The Tragic Love Story of Comrade Laaltu Das – Must read for Bhakts and Commies alike

I had spent my childhood in various Indian cities and reached Kolkata to settle at the late teen years. As a Prabashi Bengali kid, I grew up around non-Bengali schoolmates. College was difficult for me because I was the cultural alien. But I was trying to gel, at least as much as I could. I had no political inclination or ideology. I was a complete politics illiterate.

In one such day, I met this girl, let’s call her Bongolina. She was a total communist. I had no idea what communism or capitalism was. I just wanted friends and so I made friends with her.

Bongolina was a khandani communist. Her father and uncles had held the red flag high during the 70s. They were prominent figures during the Naxalite movement in Kolkata. Someone told me that her elder uncle was even taken to jail, but was soon released. The family gradually moved out from the movement and established their own little but prosperous business. But the inner comrade was alive. I heard, that her father was also a member of the communist political party.   

Through from a Brahmin family, Bongolina claimed that she didn’t believe in the caste-system. During college days, she was busy romancing another lal-selamist; let’s call him Laaltu Das. The stairs of metro-stations, Nandan, Dhakuria Lake stand testimonies to their RED-HOT romance.

Beautiful Pictures Amazing | Sunset, California sunset, Pictures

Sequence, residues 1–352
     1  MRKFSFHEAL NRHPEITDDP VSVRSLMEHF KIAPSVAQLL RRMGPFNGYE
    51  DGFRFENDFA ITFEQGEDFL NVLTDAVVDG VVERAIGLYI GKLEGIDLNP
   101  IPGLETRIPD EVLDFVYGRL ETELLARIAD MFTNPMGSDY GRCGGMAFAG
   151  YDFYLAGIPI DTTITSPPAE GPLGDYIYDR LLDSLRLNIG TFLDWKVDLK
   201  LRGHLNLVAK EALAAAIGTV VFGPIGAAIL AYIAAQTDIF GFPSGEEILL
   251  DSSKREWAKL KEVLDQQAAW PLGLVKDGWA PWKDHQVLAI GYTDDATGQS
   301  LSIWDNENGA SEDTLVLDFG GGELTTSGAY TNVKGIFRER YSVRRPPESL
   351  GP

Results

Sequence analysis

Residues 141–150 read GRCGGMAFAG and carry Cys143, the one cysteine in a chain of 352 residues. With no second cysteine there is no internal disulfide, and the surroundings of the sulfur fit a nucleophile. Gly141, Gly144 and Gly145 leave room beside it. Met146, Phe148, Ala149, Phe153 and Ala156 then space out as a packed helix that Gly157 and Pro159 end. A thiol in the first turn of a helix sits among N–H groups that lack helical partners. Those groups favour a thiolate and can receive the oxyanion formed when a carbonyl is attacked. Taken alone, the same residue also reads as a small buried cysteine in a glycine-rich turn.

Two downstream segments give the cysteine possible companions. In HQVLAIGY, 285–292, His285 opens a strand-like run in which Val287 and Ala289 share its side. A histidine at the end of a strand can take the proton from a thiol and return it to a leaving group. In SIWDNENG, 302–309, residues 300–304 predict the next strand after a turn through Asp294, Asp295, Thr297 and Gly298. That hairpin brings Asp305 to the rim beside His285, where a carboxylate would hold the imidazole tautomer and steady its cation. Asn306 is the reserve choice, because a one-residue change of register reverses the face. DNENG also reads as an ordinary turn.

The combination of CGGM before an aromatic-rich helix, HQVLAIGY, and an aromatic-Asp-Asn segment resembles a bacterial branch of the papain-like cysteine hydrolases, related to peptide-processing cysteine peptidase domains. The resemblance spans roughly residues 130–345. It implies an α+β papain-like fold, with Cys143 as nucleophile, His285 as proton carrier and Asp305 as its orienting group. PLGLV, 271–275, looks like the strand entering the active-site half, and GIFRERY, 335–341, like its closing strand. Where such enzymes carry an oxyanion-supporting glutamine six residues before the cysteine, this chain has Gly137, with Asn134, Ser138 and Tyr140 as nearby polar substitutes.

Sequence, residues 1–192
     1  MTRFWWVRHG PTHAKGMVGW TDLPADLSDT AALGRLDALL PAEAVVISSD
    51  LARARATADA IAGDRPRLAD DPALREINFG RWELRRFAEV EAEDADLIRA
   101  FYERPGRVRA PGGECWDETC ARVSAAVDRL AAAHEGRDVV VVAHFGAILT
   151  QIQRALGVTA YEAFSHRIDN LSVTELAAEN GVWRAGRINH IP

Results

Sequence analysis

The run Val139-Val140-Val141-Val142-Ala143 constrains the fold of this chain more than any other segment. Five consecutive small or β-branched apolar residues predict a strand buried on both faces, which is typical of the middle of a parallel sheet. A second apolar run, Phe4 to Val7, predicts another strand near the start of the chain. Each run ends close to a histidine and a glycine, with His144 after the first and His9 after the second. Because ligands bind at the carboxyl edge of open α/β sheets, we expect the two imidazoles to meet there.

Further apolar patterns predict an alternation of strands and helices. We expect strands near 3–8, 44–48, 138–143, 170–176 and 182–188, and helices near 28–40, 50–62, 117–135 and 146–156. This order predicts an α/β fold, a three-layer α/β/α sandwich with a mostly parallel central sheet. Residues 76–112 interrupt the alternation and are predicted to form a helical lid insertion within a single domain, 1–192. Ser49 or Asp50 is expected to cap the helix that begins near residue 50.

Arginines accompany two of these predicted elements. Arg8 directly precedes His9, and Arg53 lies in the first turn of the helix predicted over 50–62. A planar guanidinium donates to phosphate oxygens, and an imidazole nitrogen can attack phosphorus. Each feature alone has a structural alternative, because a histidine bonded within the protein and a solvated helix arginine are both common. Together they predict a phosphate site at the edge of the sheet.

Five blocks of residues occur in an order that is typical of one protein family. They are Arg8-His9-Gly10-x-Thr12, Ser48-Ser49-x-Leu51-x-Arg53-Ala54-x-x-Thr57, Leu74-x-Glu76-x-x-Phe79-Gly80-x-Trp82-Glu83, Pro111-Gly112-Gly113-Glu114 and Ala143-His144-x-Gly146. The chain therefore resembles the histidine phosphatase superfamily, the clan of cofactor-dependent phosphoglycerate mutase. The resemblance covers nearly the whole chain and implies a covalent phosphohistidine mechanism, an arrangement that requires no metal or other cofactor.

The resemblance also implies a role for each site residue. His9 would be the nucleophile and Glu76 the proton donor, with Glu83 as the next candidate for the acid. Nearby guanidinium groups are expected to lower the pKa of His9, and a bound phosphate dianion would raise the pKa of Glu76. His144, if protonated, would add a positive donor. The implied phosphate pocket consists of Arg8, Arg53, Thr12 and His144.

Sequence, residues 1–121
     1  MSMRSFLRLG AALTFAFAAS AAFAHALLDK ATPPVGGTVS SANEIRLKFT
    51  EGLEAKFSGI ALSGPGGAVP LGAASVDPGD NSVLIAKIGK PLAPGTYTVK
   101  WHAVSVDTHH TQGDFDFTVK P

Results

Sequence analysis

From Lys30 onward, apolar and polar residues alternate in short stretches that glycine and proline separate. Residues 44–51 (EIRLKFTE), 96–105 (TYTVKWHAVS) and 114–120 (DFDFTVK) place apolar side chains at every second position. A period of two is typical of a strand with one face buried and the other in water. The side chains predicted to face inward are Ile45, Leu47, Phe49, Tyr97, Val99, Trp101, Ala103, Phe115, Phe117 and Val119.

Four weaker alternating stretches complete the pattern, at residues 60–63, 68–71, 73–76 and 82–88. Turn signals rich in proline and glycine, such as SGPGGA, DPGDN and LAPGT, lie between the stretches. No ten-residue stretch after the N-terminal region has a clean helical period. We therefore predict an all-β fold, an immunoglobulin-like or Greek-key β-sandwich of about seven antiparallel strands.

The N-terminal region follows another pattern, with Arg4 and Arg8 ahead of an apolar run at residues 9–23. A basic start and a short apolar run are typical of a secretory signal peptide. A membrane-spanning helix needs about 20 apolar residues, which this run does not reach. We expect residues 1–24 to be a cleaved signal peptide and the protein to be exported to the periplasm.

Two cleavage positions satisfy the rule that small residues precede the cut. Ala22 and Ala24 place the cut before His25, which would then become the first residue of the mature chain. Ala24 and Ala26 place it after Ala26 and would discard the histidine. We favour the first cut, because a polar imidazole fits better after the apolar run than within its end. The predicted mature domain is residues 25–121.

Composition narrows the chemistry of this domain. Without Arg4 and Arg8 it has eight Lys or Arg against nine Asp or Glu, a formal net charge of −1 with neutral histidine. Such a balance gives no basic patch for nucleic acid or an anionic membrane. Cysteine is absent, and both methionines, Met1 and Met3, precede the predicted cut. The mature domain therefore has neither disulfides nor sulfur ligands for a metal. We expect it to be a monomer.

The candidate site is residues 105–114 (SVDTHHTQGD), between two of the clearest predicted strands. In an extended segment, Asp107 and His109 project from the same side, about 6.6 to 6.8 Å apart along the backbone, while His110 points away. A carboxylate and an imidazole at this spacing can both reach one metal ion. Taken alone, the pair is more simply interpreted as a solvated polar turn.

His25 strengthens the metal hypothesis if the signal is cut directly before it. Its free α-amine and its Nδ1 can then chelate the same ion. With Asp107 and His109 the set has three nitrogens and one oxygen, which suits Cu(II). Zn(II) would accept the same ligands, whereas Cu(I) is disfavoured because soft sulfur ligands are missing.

Busy doing party work in student days, Laaltu Dass studies had gone for a toss. He had barely graduated but couldn’t keep the Honors in Political Science, his favourite subject. Bongolina went on to pursue Masters in Literature, but Laaltu Das was not eligible for that.

Bengal, stripped of industrialization couldn’t afford Laaltu any job. They say he reached out to the who’s who within the party to get him a job, but all attempts failed. He sat for the SSC a couple of times, but couldn’t clear it either.

Within two years of graduation, the RED hot romance died its natural death. Or was it natural?

Bongolina’s “bilpobi” father had found her an America-based Brahmin groom he got to learn of from his business acquaintances. No force, no imposition. The now dead Orkut stood tall as a witness to Bongolina’s rocking courtship with the handsome find. All smiles, the two stood as the Victoria Memorial glowed at the backdrop.

They tied the knot in a year and took off to the land of a Capitalists’ dream, the United States of America. After securing the highly coveted Green Card, Bongolina now works at the Target. She really doesn’t need to work as her husband has a secured and burgeoning career in a leading Bank. But the empty apartment chases her, and hence, to keep herself occupied she chose the Target.

It’s been 10 years now. Laaltu Das is still unemployed. Single. Drinks heavily. Spends his evenings in some dingy dimly lit club smoking and playing carom with other erstwhile Comrades.

As the sun cones down, they recite in chorus… “Punjibaad nipat jak…”

In another end of the world, Bongolina casts a lovely smile, “71 Dollars, sir,” she says.

MANDATORY DISCLAMER: The story, characters, and incidents portrayed in this story are fictitious. No identification with actual persons (living or deceased), places, buildings, and products is intended or should be inferred.

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